IFN beta-1a 22 μg

IFN beta-1a 44 μg

Clinical outs.

LYs

19.94

19.71

19.73

19.81

 

QALYs

9.07

8.09

8.19

8.55

[a]

  

0.98

0.87

0.51

Cost outs. (€)

Drugs & mon.

113,095

92,599

93,511

129,261

 

Relapses

8789

9331

9078

8768

 

Adverse events

102

153

107

150

 

Disease manag.

111,107

120,152

119,651

116,368

 

Total cost

233,091

222,235

222,077

254,547

[b]

  

10,856

11,014

−21,456

ICER (€) [c]

  

11,112

12,532

Dominant

outs. = outcomes

drugs & mon. = treatment acquisition and monitoring

manag. = management

[a] = Incremental benefit (QALYs) (peginterferon beta-1a vs comparators)

[b] = Incremental cost (total) (peginterferon beta-1a vs comparators)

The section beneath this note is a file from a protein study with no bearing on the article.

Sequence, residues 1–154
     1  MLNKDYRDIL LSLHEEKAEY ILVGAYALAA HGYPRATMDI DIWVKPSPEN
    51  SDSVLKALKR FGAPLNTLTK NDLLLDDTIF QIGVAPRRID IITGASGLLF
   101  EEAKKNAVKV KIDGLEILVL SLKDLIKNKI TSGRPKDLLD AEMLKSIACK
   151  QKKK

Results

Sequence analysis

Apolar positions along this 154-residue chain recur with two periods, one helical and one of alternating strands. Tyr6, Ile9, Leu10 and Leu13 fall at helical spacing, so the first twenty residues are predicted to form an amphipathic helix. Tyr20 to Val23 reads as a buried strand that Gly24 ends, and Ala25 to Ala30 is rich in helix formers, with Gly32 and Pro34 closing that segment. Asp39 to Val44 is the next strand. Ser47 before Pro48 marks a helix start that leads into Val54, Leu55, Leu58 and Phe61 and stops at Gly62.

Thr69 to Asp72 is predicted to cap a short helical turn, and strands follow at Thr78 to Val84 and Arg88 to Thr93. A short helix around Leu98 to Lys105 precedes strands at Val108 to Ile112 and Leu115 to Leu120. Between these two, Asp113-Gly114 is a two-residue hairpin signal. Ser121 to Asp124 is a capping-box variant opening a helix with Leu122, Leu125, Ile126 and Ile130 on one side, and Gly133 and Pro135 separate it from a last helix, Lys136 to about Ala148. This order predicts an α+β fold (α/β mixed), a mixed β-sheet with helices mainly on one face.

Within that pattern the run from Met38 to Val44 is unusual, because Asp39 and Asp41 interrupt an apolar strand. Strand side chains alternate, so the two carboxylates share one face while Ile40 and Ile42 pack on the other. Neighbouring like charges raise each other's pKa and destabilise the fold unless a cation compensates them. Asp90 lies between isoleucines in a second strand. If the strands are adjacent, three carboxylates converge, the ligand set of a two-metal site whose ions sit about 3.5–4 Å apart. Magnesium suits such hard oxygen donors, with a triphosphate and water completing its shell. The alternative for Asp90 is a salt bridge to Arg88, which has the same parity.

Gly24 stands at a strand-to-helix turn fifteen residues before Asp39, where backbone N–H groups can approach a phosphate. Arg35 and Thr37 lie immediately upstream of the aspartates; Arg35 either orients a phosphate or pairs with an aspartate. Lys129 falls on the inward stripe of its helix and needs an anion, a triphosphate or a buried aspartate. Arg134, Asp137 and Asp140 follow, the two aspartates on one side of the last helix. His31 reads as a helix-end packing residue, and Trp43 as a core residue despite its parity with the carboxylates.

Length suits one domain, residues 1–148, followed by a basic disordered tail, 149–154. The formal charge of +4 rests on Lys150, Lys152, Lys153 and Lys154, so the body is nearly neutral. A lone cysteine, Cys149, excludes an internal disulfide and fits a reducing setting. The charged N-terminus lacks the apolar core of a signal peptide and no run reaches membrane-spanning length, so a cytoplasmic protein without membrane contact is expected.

[c] = [b]/[a]

The (discounted) total direct medical cost of a patient treated with peginterferon beta-1a was slightly higher than that of a patient treated with IFN beta-1a 30 μg or with IFN beta-1a 22 μg; in fact, the higher drug and monitoring cost is only partially offset by lower costs for relapses, adverse events and disease management (as compared with the two comparators). On the contrary, the total direct medical cost of peginterferon beta-1a was lower than that of IFN beta-1a 44 μg (Table 1).

Peginterferon beta-1a was dominant vs IFN beta-1a 44 μg because it was more effective and with lower costs. The ICER of peginterferon beta-1a vs IFN beta-1a 30 μg and vs IFN beta-1a 22 μg resulted equal to €11,112 and €12,604 per QALY respectively. In both cases, the ICER is below the acceptability threshold of €30,000–50,000/QALY (Table 1).